Definition of high-frequency traders

High frequency traders (HFTs) use computers to implement various highly active trading strategies to trade at exchanges where automated electronic systems arrange trades.  Electronic dealers are the most common HFTs.  They post standing limit orders to buy or sell securities or contracts and wait for others to trade with them. 

After they trade, HFTs generally try to immediately trade on the other side of the market to divest themselves of their positions.  They hope to profit by buying low and quickly selling high.  Sometimes they can trade out of their positions by posting standing limit orders and waiting for other traders to trade with them.  When this happens, they often profit.

But if they believe that the market will move against them, they may be unwilling to wait to trade.  Instead, they will actively trade out of their positions by submitting market orders or marketable limit orders.  In these cases, they often lose.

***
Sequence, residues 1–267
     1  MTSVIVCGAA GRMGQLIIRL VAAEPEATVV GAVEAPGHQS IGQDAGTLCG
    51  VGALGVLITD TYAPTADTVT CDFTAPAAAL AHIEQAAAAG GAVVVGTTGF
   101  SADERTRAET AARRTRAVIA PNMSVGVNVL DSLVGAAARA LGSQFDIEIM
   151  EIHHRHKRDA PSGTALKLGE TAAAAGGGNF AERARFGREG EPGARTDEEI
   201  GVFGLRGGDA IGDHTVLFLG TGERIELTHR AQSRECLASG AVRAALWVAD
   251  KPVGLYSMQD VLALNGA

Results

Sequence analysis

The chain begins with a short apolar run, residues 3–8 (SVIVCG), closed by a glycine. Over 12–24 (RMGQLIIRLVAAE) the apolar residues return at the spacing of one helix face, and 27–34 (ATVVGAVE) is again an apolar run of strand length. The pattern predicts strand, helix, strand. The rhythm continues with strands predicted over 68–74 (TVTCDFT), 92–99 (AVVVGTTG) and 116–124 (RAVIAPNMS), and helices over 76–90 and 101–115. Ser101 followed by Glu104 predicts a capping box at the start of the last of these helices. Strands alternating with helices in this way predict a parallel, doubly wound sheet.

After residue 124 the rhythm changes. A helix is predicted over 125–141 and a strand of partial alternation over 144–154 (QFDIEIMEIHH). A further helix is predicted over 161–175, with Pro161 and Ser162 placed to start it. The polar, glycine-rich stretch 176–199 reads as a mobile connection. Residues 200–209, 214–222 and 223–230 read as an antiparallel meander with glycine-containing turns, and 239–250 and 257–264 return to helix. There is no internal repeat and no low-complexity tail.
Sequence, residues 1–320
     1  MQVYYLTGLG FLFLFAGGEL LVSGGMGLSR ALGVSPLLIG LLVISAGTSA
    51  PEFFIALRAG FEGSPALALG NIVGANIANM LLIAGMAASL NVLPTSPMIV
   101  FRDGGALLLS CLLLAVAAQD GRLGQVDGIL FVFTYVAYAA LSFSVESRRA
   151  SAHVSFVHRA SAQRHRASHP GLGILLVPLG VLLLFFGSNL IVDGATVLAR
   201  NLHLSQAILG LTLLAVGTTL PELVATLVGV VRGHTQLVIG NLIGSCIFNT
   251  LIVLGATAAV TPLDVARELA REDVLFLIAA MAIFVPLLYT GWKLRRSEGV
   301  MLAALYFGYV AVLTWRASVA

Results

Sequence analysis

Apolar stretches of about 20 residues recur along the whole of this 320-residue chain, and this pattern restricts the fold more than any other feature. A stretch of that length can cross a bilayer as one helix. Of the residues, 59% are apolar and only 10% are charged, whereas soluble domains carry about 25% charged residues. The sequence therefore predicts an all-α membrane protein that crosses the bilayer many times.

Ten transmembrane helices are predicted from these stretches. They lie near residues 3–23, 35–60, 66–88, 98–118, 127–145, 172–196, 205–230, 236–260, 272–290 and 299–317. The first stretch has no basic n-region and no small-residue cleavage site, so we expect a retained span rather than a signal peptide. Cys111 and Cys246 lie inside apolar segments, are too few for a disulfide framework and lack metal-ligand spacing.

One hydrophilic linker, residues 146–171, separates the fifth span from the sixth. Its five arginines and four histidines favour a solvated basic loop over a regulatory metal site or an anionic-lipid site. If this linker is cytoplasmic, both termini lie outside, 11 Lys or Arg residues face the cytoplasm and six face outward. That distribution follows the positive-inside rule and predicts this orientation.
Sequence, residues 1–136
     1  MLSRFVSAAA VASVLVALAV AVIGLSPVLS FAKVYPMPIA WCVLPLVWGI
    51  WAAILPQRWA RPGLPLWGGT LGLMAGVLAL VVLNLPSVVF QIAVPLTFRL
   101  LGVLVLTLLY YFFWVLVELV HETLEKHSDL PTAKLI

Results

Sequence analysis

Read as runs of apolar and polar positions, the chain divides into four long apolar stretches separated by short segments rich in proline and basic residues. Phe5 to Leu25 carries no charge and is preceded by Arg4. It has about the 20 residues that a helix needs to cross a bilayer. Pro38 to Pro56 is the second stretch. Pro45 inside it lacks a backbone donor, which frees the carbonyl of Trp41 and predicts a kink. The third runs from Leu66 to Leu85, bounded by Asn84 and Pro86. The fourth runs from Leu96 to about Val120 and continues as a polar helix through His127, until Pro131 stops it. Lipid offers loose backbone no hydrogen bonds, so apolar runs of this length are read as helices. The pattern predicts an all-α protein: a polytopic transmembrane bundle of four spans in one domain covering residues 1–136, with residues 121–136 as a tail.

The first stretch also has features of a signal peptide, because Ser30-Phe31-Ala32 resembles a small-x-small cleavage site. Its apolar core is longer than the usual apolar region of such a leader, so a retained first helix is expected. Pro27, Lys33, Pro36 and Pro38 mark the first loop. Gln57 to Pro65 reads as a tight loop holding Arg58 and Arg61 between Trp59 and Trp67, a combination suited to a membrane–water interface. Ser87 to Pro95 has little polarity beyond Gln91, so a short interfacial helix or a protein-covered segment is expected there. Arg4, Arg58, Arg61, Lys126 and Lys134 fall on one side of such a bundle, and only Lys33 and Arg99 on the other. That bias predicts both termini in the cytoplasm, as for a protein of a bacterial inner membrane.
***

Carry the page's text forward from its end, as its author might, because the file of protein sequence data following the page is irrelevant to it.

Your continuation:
HFTs frequently adjust their orders to respond to changing market conditions.  These adjustments may occur several times a second.

HFTs use extremely fast computer systems to implement their trading strategies.  The time between when an event (generally a trade or quote change) takes place on an exchange and when a HFT is able to respond to that event is often less than one millisecond.  During this period, electronic systems will disseminate information about the event. The HFT’s computer will analyse the information, choose a response and submit instructions to the exchange. The electronic systems will route those instructions to the exchange.

Example
HFTs must respond to new information quickly to trade profitably.  Speed helps them in three ways:

First, they try to be the first to place an order at an attractive price because the first trader in is the first trader out.

Second, they must quickly cancel their orders to prevent trades that they are no longer willing to do.

Finally, when they want to actively trade with a standing order, they must arrange the trade before other traders can and before the order is cancelled. 

To trade quickly, HFTs use very fast computers with highly optimised code.  They also co-locate those systems next to exchange computers to minimise communication time lost to sending messages at the speed of light and lost to passing messages through routing switches. [1]